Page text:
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Oil Earnings Mixed On "Weak" Gasoline Margins

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HOUSTON — The roiling global oil market continues to pick its winners and losers, as oil giant BP PLC reported a 28 percent rise in second-quarter profit while North America's largest refiner, Valero, said its earnings for the same period fell 67 percent.

Both companies said Tuesday that record crude prices cut into results during the April-June period as they outpaced the money that can be made on gasoline and other finished products. But BP reaped massive profits from its exploration and production arm _ which Valero doesn't have.

BP, Europe's second-biggest oil producer, posted net profits of $9.47 billion, up from $7.38 billion in the same period a year ago. Sales jumped 49 percent to $110.98 billion as the price for a barrel of oil rose by roughly 35 percent over the quarter.

Conversely, San Antonio-based Valero Energy Corp. said its net income for the April-June period fell to $734 million, or $1.37 a share, from $2.25 billion, or $3.89 per share, a year ago. Revenue rose to $36.6 billion from $24.2 billion in the prior-year period.

"There is no question that gasoline margins continue very weak" and are likely to remain so, Valero chairman and chief executive Bill Klesse said in a conference call with investors.

Still, the company's results beat Wall Street forecasts, and executives said Valero's balance sheet is healthy. Its shares rose $1.15, or 3.6 percent, to $32.96 in afternoon trading. They've traded in a range of $29.70 to $75.75 in the past year.

It was one of only few American energy companies that had a good day, as oil prices fell another $3 Tuesday and the Wall Street had its best day in two weeks.

Last week, ConocoPhillips kicked off the earnings period for major oil companies with a whopping $5.44 billion profit, up 13 percent from adjusted results a year earlier. Exxon Mobil Corp., Chevron Corp. and others are expected to post equally robust earnings when they report later this week.

The strong year for BP has been overshadowed by an ongoing fight with Russian shareholders for control of the TNK-BP joint venture. The company's American chief executive Robert Dudley left Russia last week when his work permit was not renewed. BP has accused the Russian investors of using corporate raider tactics to wrest control of the company.

"We will vigorously defend our rights using all legal means possible," BP chief executive Tony Hayward said Tuesday. "We will not be intimidated by strong-arm tactics."

BP shares fell $1.21, or about 2 percent, to $60.59 in afternoon trading. Its shares have traded between $57.85 and $79.77 in the past year.

At Valero, as expected, refining margins fell markedly in the second quarter _ mirroring the first three months of 2008 _ as the cost of crude and other feedstocks grew more rapidly than the prices of gasoline, asphalt, fuel oil and other products.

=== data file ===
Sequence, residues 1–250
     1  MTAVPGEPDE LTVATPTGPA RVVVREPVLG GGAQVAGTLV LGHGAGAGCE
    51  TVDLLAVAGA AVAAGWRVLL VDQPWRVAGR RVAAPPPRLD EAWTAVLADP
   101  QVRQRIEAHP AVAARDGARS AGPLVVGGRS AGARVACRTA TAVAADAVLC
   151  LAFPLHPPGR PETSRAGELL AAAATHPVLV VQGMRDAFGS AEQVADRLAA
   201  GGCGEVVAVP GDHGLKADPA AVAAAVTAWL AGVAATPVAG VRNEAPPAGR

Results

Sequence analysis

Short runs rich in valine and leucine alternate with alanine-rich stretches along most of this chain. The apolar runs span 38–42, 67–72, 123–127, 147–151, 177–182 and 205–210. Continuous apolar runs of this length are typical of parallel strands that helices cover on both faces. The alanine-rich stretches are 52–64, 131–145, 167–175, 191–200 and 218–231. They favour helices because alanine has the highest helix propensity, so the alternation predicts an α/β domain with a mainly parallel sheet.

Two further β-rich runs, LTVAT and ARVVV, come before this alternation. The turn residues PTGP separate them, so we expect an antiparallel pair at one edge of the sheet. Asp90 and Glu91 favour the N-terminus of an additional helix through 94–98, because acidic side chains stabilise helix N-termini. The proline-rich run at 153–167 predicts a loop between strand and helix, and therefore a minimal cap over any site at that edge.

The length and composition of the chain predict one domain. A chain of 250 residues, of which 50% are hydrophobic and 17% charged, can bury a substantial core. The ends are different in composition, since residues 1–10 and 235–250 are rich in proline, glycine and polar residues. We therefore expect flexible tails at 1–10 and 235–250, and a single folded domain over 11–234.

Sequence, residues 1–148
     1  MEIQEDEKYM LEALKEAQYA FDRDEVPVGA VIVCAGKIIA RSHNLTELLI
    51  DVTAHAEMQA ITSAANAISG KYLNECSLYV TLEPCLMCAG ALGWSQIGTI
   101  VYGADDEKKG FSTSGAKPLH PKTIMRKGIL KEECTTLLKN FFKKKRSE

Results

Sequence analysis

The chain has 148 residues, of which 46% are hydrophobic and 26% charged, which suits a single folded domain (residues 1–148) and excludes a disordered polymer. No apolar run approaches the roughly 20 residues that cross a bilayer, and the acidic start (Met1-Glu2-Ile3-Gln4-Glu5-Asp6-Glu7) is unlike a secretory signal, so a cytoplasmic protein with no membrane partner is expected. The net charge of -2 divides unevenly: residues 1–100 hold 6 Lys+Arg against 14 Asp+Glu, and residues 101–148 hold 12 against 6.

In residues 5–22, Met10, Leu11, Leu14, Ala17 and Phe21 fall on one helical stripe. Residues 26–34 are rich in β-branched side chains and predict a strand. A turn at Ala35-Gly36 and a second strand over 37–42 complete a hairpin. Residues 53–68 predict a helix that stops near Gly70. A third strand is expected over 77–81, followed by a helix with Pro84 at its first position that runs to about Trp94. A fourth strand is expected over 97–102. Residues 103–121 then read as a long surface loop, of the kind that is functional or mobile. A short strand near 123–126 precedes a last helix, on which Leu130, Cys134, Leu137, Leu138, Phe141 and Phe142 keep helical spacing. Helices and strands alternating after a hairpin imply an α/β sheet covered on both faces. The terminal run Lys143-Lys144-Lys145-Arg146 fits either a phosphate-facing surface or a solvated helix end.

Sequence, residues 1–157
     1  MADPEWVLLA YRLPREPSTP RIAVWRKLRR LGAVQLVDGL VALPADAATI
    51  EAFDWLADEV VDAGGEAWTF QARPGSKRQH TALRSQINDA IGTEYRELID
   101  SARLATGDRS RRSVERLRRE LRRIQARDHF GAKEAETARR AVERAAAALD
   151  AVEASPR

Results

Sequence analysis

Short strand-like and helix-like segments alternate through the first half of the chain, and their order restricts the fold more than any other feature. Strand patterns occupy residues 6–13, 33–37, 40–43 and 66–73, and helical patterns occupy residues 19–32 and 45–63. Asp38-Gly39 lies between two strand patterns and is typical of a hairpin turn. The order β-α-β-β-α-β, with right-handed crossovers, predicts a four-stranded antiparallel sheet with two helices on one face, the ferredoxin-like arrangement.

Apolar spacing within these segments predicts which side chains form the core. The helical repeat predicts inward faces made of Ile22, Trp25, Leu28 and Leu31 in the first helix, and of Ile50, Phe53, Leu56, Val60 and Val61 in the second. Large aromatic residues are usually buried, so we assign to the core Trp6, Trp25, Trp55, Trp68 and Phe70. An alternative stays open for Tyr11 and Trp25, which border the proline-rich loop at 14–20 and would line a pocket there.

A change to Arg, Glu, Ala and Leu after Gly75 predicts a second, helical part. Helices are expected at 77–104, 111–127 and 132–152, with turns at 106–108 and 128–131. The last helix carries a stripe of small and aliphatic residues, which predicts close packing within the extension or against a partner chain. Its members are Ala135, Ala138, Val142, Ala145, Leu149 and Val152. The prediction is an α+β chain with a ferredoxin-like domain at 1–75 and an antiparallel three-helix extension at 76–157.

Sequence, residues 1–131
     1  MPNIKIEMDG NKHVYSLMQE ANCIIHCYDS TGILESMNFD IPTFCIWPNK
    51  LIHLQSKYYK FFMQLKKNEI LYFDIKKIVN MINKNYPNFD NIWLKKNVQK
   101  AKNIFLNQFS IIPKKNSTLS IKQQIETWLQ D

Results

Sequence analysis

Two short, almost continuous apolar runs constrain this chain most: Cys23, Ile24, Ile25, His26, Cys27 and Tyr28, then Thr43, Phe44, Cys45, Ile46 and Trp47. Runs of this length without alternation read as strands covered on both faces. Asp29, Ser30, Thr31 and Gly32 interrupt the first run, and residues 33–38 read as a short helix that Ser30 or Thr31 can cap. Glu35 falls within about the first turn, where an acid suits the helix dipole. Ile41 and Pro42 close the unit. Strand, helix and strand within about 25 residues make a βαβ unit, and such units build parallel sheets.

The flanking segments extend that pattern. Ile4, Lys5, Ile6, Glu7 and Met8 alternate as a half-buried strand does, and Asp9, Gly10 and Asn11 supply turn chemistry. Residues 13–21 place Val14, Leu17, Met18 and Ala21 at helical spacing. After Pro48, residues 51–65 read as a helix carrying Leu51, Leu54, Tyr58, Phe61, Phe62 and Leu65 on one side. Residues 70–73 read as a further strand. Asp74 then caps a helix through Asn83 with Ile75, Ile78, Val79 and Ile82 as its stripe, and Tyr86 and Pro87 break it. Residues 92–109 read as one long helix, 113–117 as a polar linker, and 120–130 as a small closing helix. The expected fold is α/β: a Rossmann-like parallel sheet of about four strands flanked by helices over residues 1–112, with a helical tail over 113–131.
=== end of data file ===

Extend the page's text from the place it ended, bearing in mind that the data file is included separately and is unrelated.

The company noted the average price of the benchmark West Texas Intermediate crude nearly doubled to $123.98 in the most-recent quarter from $64.89 a year ago. At the same time, benchmark Gulf Coast gasoline margins declined 77 percent to $6.60 a barrel in the second quarter. They were nearly $29 a barrel a year ago.

Partially offsetting the weaker margins were substantially higher margins on diesel and jet fuels, whose global demand remained high.

Valero's operating income was squeezed by other factors in the quarter, including higher costs for electricity and natural gas. Operations also were hampered by maintenance and repairs at its refineries in Aruba, Port Arthur, Texas, and Delaware City, Del.

Klesse said Valero sees no immediate improvement in margins on gasoline, though he predicted margin recovery for some secondary products if crude prices stabilize or fall _ as they have in recent weeks.

He said the company continues to review its capital spending and now expects to reduce 2008 expenditures by $700 million from its original estimate of about $4.5 billion.

Valero operates 16 refineries and 5,800 retail and wholesale outlets in the United States, Canada and the Caribbean.

"Obviously, gasoline margins have weakened and the availability of financing is clearly lacking as the financial markets continue in turmoil," said Klesse, noting the refining industry's history of being "seasonal, volatile and cyclical."

In a shot at lawmakers, Klesse said Valero and other refiners can manage industry challenges, "but unfortunately reckless rhetoric in Washington, D.C., complicates our forward progress."

He said many in Congress are more interested in scoring "populist political points" than reducing energy costs.

"To not allow companies to look for oil and gas when there are huge potential reserves in the U.S. is irresponsible," Klesse said.


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AP Business Writer Jane Wardell in London contributed to this report.